On Tuesday, at a meeting of the EU’s finance and economics ministers, issues such as aggressive tax avoidance and profit-shifting across borders will be out of the shadows and in the spotlight.

In its role as president of the council of the European Union, the Government says it is leading efforts to tackle this area.

Yet Ireland has been under pressure from some of its neighbours to tackle its low-tax regime and plug loopholes such as the “double Irish”, which allow Google and other US multinationals to lower their tax liabilities dramatically.

Although Ireland has avoided being labelled a tax haven by international bodies such as the Organisation for Economic Co-operation and Development, some academics say it deserves the name.

Nicholas Shaxson, an associate fellow of the UK think tank Chatham House and the author of Treasure Islands , a book about the offshore system, says Ireland is a tax haven by his definition in light of the country’s regulation of financial services.

“What I have seen in Ireland does fit so closely the pattern I’ve seen again and again in tax havens, which is this willingness to do what the financiers want, really not ask any questions, and to have all sorts of measures for keeping Irish democracy out and keeping debate out of the way,” he says.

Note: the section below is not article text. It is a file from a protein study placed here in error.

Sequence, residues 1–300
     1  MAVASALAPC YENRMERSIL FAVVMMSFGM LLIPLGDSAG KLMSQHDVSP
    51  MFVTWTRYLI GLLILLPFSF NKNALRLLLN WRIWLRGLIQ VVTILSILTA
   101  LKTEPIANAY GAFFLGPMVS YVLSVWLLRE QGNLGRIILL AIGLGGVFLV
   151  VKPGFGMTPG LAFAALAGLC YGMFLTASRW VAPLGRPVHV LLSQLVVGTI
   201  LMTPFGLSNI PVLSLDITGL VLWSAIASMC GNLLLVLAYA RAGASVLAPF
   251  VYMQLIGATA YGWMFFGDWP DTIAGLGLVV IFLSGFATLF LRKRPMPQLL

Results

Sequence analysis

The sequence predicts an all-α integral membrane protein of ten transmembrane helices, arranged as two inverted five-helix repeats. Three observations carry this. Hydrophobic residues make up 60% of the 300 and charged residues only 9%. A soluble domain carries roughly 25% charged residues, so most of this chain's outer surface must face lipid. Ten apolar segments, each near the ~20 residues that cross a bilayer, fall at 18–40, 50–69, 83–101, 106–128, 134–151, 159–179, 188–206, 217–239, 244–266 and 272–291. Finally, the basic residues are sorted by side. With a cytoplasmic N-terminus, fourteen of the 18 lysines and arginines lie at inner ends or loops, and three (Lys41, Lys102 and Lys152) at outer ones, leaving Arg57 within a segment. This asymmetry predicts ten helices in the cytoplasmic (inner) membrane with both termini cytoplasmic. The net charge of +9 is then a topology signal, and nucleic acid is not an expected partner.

“That’s by either doing things behind closed doors and the shaping of a national consensus that ‘this is the goose that lays the golden egg and we mustn’t do anything to trouble it’ . . . to arguments that all this stuff is going to go overseas if we touch it, so let’s not rock the boat.”

Shaxson calls this “the captured state”: a world in which policymaking has been largely taken over by financial interests that can pick and choose between jurisdictions and in effect write the laws they need. “That happens in its purest form in the very small tax havens where there is just no local democracy to do anything. There is a little bit of a counterweight but it isn’t very strong in Ireland.”

Others go further still. Dr Conor McCabe of the Equality Studies Centre at University College Dublin, who is a campaigner in the area of tax justice, says companies can ride roughshod across competing jurisdictions, extracting what they want and contributing little. “They want all the pluses of a modern democracy while seeking to reduce their obligations to zero. They are behaving like parasites,” says McCabe.

The financial services sector insists Ireland has benefited hugely from its competitive tax regime through large-scale employment and investment.

“Ireland is not a tax haven. It has an excellent network of treaties with other jurisdictions and operates a simple and transparent corporation-tax system,” says Fergal O’Brien, the chief economist with the employers’ group Ibec, which represents financial services.

He says Ireland is simply competing with other countries for business, and one of the key reasons our low-tax regime attracts comment from our neighbours is because it has nothing to hide.

“In many ways, the very transparency of Ireland’s corporation tax regime has meant that it attracts such attention. Many other jurisdictions compete more aggressively on allowances and write-off, but have a higher headline tax rate.